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Spiced Lamb Tagine with Currants and Israeli Couscous

Spiced Lamb Tagine with Currants and Israeli Couscous Related:   Chanukah, gluten-free option, Israel & Middle East, kid-friendly, meat, Purim, Rosh Hashanah, Shabbat

Prep time: 30 minutes + 4–6 hours to marinate

Cook time: About 3 hours

Yield: 4–6 servings

A North African tagine typically features slow-cooked meat, braised until it is tender. This richly textured stew is brimming with exotic spices, a touch of heat, and a hint of sweetness. The heady aromas that arise from the pol remind us of the shouk—or marketplace—in Jerusalem, where spice merchants line the ancient corridors of commerce. You can easily find all the spices in this recipe on the spice rack at your local supermarket too. Israeli couscous is a large-grain, round-shaped pasta widely enjoyed in Israel. It has a growing following in the United States as well.

In your glass, a fruity red wine will provide a complementary pairing to the currants. Pinot Noir and Zinfandel might be your best bets. Syrah could work well too. But don’t rule out more herbaceous varietals like Cabernet Sauvignon, Merlot or Malbec. They will also have their charm.


  • 1 teaspoon ground cardamom
  • 1 teaspoon ground cinnamon
  • 1 teaspoon ground coriander
  • 1 teaspoon ground cumin
  • ¼ teaspoon cayenne pepper
  • 1/8 teaspoon saffron threads
  • Salt and freshly ground pepper
  • 2 pounds lamb shoulder, cut into 1½-inch cubes
  • ½ cup dried currants
  • ¼ cup extra virgin olive oil
  • 2 tablespoons plus 2½ cups water
  • 2 medium onions, coarsely chopped
  • 3 cloves garlic, minced
  • 1 tablespoon grated fresh ginger
  • 5 medium carrots, cut into 1-inch lengths
  • 2 tablespoons tomato paste
  • 4 cups chicken stock or store-bought low-sodium chicken broth
  • 2 cups Israeli couscous
  • ½ cup minced fresh cilantro


  • In a small bowl, combine the cardamom, cinnamon, coriander, cumin, cayenne, saffron and ½ teaspoon salt. Mix thoroughly. Place the lamb on a large plate and sprinkle the spice mixture over it. Place the seasoned lamb in a zip-seal plastic bag, close the bag and massage the lamb to evenly to coat the meat with the spices. Refrigerate for 4 to 6 hours. Remove the lamb from the refrigerator 15 minutes prior to cooking.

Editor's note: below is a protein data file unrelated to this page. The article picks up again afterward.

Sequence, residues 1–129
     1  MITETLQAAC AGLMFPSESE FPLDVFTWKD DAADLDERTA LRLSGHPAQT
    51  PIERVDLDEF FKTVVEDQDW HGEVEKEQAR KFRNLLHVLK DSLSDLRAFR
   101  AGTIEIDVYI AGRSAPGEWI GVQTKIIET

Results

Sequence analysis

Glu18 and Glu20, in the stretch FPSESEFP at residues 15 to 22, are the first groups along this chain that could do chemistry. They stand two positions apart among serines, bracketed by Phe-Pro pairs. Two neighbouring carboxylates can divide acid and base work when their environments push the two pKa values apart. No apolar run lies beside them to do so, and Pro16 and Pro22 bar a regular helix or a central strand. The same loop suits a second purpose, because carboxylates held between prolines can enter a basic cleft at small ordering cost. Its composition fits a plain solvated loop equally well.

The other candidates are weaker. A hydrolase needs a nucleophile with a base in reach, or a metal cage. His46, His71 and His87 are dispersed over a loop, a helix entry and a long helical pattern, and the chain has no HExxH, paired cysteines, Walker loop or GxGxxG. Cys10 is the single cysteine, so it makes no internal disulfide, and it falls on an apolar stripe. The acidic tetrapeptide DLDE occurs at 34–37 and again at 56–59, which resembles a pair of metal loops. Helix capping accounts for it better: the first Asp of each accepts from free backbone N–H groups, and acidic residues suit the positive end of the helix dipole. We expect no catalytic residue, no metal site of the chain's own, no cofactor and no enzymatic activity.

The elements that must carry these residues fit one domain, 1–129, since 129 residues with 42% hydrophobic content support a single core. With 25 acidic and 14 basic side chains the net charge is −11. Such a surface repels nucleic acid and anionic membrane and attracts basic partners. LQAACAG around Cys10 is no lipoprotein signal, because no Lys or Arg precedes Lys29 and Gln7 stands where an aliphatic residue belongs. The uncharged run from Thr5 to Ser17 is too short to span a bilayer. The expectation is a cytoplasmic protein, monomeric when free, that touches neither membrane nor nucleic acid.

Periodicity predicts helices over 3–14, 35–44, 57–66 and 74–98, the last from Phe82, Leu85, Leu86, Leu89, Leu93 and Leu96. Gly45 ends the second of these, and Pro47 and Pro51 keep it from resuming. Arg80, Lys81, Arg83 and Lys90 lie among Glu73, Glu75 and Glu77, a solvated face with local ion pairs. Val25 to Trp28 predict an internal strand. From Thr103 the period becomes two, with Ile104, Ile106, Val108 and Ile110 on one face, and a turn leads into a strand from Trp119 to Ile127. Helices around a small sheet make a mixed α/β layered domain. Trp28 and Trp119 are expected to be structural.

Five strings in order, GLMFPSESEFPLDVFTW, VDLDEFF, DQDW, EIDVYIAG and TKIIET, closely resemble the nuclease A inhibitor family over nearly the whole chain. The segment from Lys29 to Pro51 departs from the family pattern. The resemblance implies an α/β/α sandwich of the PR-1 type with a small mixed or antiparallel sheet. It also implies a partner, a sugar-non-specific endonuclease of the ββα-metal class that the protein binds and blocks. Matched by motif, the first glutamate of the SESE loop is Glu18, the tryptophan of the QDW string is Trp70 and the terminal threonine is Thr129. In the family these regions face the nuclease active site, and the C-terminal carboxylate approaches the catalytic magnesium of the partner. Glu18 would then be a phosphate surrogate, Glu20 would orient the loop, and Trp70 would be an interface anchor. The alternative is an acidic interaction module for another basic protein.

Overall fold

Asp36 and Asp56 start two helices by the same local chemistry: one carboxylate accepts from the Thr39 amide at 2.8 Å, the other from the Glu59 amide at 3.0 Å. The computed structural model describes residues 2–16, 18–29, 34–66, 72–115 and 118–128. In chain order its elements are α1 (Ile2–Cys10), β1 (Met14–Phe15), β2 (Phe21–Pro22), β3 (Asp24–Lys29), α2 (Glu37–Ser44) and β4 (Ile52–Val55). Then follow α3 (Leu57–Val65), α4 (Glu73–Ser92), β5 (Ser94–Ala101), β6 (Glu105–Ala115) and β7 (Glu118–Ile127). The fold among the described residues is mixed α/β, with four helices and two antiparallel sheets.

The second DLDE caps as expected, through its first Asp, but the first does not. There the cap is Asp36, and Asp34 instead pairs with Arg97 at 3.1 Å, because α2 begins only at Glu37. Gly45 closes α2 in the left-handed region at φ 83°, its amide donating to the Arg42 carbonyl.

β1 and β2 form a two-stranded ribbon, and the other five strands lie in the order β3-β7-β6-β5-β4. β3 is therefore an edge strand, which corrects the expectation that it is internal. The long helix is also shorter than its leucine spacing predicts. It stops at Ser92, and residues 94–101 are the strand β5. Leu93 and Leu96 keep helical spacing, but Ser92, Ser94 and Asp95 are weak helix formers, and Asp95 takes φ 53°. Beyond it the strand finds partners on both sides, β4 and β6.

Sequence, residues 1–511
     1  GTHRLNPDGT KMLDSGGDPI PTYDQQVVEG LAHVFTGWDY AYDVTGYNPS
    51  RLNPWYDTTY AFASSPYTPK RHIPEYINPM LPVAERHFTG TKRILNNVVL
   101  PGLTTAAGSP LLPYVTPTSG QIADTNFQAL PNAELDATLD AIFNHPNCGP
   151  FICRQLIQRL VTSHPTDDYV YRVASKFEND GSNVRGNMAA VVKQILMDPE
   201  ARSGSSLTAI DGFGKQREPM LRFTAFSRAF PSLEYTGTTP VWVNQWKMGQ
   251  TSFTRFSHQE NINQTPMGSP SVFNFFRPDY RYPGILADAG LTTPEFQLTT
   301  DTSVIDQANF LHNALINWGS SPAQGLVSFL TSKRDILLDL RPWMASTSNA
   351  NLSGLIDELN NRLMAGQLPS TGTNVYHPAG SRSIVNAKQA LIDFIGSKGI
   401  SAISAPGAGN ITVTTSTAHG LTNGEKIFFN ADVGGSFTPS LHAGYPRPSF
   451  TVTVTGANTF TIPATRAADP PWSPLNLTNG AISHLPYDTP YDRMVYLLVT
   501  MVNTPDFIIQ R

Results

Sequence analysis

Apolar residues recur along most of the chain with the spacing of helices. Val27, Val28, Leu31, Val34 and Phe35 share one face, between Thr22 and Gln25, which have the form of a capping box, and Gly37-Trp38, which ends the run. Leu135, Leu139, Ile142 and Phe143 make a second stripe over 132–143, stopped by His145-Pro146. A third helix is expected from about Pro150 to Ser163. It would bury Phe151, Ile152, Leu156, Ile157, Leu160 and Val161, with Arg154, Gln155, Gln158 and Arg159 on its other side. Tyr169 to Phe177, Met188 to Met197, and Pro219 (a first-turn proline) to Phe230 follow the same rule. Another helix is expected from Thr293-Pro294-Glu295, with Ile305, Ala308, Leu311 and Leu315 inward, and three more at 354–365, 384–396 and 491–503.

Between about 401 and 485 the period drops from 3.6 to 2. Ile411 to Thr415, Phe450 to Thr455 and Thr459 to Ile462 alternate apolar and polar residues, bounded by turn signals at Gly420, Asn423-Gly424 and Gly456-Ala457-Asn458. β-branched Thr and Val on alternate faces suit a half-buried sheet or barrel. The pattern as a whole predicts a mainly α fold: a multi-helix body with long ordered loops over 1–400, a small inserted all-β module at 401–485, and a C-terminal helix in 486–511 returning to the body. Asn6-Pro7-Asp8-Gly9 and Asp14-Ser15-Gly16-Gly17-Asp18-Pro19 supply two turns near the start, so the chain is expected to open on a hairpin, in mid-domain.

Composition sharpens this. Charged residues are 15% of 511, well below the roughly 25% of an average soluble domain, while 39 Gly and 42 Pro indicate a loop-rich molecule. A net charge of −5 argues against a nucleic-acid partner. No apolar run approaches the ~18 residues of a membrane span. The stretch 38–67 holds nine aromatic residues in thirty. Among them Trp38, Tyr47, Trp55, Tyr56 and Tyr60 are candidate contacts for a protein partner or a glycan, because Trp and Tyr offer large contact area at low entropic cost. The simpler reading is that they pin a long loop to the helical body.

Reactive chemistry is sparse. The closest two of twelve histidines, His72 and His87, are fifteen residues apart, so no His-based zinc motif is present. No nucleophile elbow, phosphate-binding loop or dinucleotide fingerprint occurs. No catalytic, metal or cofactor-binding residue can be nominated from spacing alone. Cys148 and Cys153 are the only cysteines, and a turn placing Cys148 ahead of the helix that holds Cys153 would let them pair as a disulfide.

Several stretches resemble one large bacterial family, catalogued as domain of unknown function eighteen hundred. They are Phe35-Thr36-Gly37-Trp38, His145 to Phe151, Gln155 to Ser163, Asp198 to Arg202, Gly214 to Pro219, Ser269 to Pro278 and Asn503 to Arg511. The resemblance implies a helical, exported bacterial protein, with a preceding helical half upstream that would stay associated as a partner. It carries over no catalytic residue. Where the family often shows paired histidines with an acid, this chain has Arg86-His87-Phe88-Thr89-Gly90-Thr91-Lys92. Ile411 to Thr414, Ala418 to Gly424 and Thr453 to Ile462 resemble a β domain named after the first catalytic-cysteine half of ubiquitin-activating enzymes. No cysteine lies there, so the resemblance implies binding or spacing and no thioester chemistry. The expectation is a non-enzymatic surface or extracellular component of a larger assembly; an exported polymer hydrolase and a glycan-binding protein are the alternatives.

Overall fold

• Place the currants in a small bowl and cover with warm water. Set aside. In a Dutch oven or heavy-duty pot, heat the olive oil over medium-high heat. Working in batches if necessary, sear the lamb on all sides, about 2 minutes per side. Remove the seared meat from the pot and set aside on a plate.
  • Add 2 tablespoons water to the pot and use a wooden spoon to scrape lip any browned bits that have formed or might be sticking on the surface. Add the onions and sauté until translucent, about 5 minutes. Add the garlic and ginger and sauté until fragrant, about 1 minute. Add the carrots, stir to coat with the onion mixture, and cook for 2 minutes. Drain the water from the currants and add them to the pot. Stir in the tomato paste. Add the chicken broth and stir to mix well. Return the lamb to the pot, add 1 teaspoon salt, and mix well. Increase the heat to high, bring the liquid to a boil, then reduce the heat to low and partially cover the pot, leaving a small sliver of space open at the top. Simmer for 2 hours, stirring occasionally.
  • Uncover and simmer for another 30 minutes to thicken the sauce.
  • In a medium pot, lightly salt 2½ cups water and bring to a boil over high heat. Add the Israeli couscous, stir and reduce the heat to medium-low. Cover and cook until all the water is absorbed, about 8 minutes.
  • To serve, place ½ cup couscous in a wide, shallow soup bowl. Top with the lamb, the carrots and a generous portion of sauce from the pot. Garnish with cilantro and pepper.
  • Reprinted with permission from The Covenant Kitchen: Food and Wine for the New Jewish Table by Jeff and Jodie Morgan (Schocken Books, 2015).

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